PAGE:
sea lion

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See also: sealion and sea-lion


A group of sea lions.
A heraldic sea lion.

Alternative forms[edit]


From sea +‎ lion, named from its marine habitat and its lion-like barking roar and mane. Compare Middle English see hound, cee-hound, se hound (beaver, literally sea-hound).


  • IPA(key): /ˈsiː ˈlaɪən/, /ˈsiːˌlaɪən/
  • (file)


sea lion (plural sea lions)

  1. A marine mammal of any of several genera in the family Otariidae (the eared seals).
    • 1922, Ben Travers, chapter 6, in A Cuckoo in the Nest:
      But Sophia's mother was not the woman to brook defiance. After a few moments' vain remonstrance her husband complied. His manner and appearance were suggestive of a satiated sea-lion.
    • 2010, Larry Medina, The Adventures of Peek a Boo the Sea Lion, unnumbered page:
      Peek a Boo said, "I'm sorry guys, please tell my father that I'm ok. You see, I'm trying to become the first sea lion to become a Navy Seal.” The Jamaican Shaken Crabs looked at each other and said, “I don't know if your father told you, but you're a sea lion and no sea lion has ever become a Navy Seal."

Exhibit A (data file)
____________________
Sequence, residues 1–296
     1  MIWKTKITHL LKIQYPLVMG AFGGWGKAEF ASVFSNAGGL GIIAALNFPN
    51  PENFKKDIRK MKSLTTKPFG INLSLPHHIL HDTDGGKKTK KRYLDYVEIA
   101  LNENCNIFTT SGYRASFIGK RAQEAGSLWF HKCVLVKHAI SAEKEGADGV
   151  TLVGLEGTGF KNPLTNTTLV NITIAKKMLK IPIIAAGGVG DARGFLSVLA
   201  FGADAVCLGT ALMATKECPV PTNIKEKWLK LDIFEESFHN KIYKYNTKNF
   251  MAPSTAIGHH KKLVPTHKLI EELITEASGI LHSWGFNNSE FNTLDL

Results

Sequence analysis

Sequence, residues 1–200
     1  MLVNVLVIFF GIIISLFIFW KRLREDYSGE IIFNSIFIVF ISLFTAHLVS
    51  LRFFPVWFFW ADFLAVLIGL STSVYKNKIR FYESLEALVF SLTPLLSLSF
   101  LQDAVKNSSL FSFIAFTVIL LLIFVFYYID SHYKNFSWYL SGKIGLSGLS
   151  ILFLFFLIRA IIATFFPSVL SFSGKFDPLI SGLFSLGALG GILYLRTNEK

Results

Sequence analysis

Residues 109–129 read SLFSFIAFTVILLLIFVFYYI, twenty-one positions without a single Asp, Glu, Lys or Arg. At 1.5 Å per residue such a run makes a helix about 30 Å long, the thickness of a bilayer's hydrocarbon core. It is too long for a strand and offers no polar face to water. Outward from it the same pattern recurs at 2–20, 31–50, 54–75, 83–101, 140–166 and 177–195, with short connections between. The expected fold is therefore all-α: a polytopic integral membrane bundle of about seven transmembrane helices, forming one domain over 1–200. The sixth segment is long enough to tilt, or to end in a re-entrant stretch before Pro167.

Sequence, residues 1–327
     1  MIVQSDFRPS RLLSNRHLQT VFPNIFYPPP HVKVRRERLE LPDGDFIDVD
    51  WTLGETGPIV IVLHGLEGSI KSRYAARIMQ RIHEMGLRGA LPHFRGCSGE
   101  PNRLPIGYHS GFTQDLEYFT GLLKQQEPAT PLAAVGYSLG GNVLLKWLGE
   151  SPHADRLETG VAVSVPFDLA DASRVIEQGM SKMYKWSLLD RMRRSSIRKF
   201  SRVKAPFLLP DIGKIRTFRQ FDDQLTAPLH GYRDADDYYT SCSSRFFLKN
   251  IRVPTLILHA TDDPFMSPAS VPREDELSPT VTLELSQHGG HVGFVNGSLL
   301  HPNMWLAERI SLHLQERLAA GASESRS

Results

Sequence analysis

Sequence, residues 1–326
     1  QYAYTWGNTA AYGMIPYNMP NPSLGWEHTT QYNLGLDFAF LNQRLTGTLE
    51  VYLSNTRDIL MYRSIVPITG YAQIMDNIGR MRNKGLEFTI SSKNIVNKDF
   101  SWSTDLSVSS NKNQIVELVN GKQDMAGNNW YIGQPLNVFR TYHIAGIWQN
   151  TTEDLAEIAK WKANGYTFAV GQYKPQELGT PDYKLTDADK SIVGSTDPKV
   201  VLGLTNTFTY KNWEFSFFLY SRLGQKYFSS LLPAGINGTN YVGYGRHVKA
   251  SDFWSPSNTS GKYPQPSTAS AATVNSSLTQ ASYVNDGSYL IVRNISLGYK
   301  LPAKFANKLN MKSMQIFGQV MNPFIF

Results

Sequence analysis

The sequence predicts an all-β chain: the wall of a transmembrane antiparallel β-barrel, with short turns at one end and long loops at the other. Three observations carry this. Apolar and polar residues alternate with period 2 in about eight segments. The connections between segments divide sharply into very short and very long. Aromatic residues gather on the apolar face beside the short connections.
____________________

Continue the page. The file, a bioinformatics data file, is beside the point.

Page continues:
• 2013, Caroline Arnold, Sea Lion[1], page 28:
      Sea lion pups are born with baby teeth, but most of these are replaced with permanent adult teeth by the time the pup is four months old. An adult sea lion has a total of 34 to 36 teeth, with 10 incisors in the front (six in the upper jaw and four in the lower jaw) plus two long canines and 10 to 12 cheek teeth on each side. Sea lions do not chew their food.
    • 2013, Paul Binder, Never Quote the Weather to a Sea Lion: And Other Uncommon Tales from the Founder of the Big Apple Circus[2], page 6:
      When people ask me what the circus is really like behind the scenes, I tell them about runaway gypsy wagons, vanished acrobats, desperate ringmasters and recalcitrant sea lions to name a few.
  2. (heraldry) A monster consisting of the upper part of a lion combined with the tail of a fish (a lion marined).
  3. (US, slang, historical) A steamer transporting cattle from the ports of Texas.
  4. (US, slang, historical) A cow or bull transported by steamer from the ports of Texas.

Derived terms[edit]


See also[edit]


sea lion (third-person singular simple present sea lions, present participle sea lioning, simple past and past participle sea lioned)

  1. (rare) Alternative form of sealion (engage in disingenuous debate)

Further reading[edit]